Takuro: ‘why I wrote Life and Times of Fela Anikulapo Kuti’
He was an enigma. His name conjured the image of a weird one. He was a raconteur and had death in his pouch. He was a human rights’ activist and different things to different people. His unrelenting voice called everyone to attention. He was above all, a fascination to everybody, who listened to his music.
He was Fela Anikulapo Kuti.
Born Olufela Olusegun Oludotun Ransome-Kuti in 1938 to an educated middle-class family, his father was an Anglican minister and teacher, while his mother was a feminist activist. His two brothers, Olikoye and Beko, were medical doctors.
He studied music at the Trinity College of Music where he formed the band Koola Lobitos. He later married in 1960 and moved to Nigeria in 1963 where he trained as a radio producer for the Nigerian Broadcasting Corporation.
From the 1960s, when Fela Anikulapo Kuti created afrobeat —- a fusion of traditional Yoruba rhythms, highlife, pop, American jazz and funk music —- to the time he died in 1997, his music mesmerised the audience. He entertained them with tunes that commoditised the apparent suffering in Africa.
As at the time he passed on, Fela had recorded 77 albums, which have continued to provide reference material for the plethora of books on him. In fact, Fela is one of the most written and talked about artistes that ever lived.
He possessed an energy, which many have tried to pontificate in books, videos, theatrical performance and plastic arts.
Books and essays on him consistently provoke critical exegesis. Why a lot of them interrogate the weird one (abami eda), using his vices, in others, these vices are made secondary, while his art is examined from scholastic perspective.
One of the disciples of Fela still carrying on his touch, this time, not through music, is Tayo Takuro. In Life and Times of Fela Anikulapo Kuti, Takuro reflects on the period that shaped this tornado of a man, who had ‘death in his pouch’.
The 94-page book is a detailed, easy-read material that digs up facts from different secret archives of the artiste. It discusses issues such as, when the band played in the United States for months where Fela was attracted to the Black Power movement, the band’s renamed as Afrika ’70 upon his return to Nigeria, the formation of and the opening Kalakuta Republic community, which had a recording studio and served as a home for band members and other musicians, as well as when he opened of Afro-Spot nightclub, which was later, renamed Afrika Shrine where he regularly performed and promoted the African traditional religion of the Yoruba ethnic group.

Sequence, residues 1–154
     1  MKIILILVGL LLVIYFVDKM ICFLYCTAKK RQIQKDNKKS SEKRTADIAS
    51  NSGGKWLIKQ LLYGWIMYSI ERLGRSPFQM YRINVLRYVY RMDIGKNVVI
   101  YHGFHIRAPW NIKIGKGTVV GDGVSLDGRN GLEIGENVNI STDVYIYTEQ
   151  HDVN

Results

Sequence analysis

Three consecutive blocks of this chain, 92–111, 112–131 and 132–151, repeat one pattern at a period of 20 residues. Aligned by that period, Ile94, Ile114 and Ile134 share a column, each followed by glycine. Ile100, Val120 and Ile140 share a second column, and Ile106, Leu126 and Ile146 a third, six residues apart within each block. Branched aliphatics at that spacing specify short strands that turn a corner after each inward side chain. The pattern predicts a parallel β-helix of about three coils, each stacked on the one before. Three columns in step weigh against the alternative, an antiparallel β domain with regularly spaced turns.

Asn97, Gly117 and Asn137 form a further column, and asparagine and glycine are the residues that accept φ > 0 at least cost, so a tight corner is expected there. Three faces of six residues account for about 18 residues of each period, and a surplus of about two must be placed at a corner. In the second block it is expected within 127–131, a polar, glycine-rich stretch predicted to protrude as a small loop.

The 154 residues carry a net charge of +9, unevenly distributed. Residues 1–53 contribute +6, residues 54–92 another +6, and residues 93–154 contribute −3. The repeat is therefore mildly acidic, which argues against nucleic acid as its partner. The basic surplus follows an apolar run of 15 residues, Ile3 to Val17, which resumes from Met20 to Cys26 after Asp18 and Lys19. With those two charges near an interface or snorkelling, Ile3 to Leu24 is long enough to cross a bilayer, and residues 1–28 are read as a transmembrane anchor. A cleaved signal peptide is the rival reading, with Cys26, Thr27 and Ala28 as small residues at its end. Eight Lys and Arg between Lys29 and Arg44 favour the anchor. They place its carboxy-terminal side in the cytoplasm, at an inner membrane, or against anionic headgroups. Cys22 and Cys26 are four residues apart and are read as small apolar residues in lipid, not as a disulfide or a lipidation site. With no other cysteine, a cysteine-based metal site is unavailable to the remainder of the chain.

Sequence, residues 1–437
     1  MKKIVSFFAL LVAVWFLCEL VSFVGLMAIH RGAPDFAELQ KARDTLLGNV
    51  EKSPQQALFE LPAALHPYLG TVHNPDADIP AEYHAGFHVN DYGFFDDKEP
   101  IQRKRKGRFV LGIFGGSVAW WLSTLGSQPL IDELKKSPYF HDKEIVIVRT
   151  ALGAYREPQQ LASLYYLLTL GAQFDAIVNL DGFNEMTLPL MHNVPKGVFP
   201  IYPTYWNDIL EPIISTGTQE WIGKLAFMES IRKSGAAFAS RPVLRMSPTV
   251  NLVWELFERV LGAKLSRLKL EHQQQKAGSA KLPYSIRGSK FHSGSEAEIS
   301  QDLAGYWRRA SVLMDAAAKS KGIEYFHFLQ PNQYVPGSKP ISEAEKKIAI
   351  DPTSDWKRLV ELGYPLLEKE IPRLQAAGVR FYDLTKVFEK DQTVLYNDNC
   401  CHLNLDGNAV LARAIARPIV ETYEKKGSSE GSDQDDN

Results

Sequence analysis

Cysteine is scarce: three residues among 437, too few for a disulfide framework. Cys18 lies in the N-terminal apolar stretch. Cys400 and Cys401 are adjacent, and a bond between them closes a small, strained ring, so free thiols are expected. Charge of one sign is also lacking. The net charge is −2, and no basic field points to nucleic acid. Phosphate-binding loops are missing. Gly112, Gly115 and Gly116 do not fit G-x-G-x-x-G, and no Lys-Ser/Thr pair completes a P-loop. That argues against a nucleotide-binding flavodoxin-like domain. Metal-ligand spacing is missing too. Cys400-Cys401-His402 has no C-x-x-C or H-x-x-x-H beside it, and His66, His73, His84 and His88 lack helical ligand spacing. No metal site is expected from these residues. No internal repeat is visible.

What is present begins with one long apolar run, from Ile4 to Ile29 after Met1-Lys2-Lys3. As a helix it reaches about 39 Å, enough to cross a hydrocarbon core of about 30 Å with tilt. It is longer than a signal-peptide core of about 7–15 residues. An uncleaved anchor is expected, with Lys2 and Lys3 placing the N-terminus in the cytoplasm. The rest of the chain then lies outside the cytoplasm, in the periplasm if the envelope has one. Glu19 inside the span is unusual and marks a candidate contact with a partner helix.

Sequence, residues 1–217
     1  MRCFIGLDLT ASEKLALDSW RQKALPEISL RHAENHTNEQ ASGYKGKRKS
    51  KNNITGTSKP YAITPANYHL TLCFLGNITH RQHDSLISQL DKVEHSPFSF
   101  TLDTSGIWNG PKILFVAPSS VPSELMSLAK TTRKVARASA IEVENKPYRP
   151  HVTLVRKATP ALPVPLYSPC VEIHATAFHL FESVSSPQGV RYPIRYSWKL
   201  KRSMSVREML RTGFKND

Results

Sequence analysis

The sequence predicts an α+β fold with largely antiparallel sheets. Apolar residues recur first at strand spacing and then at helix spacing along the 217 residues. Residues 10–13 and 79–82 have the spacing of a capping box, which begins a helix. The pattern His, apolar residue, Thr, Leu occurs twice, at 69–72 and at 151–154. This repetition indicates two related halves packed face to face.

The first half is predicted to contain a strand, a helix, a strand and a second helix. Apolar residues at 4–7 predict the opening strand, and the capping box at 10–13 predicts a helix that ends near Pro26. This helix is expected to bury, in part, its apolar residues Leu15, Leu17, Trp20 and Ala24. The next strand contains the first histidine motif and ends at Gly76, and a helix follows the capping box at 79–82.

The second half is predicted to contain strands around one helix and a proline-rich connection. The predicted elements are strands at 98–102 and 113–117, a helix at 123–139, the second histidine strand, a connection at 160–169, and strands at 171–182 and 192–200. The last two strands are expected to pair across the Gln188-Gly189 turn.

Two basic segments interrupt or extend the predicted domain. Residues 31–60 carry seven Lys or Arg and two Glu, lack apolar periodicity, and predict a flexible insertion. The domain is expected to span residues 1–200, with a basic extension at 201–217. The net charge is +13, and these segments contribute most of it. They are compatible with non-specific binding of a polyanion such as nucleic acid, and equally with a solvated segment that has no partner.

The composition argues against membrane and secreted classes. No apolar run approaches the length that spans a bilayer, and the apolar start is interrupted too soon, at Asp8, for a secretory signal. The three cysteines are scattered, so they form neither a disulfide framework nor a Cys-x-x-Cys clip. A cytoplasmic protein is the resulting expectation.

Takuro recalls sneaking to Fela’s performance Cathedral, Kakadu Hotel, Yaba, to see him on stage as a secondary school boy. He felt differently, afterwards, and had been ever since, a Felasophia.
Takuro says, “I started following Fela in 1969, when I was in secondary school, class three. It was my brother who took me to his club one day, that time there was no shrine, the place was Kakadu Hotel. My brother just took me there, because it was a holiday period, and since then, I began to follow Fela.”
He continues, “anytime I had opportunity, I would sneak out to watch his show. When I now joined Radio Nigeria, with entertainment as one of my beats, so, anything Fela was doing, I would cover it. I covered his marriage to his 27 wives and when he was facing his trials I covered them too. Like I said in the book, I’m not a fan of Fela, I’m fanatic about him.”
As a reporter, Takuro had intimate relationship with the musician. He had unfettered access to him. He reveals, “I can’t recollect now how it started. But I often went to his place to interact with him. The children know me, because I was very close to their father. I knew him through Kanmi Ishola-Osobu. Osobu brought me closer to him. So, I had access to him. I saw him often in the shrine. I was opportune to visit Fela in prison in Benin through the late Dr. Beko Ransome Kuti.”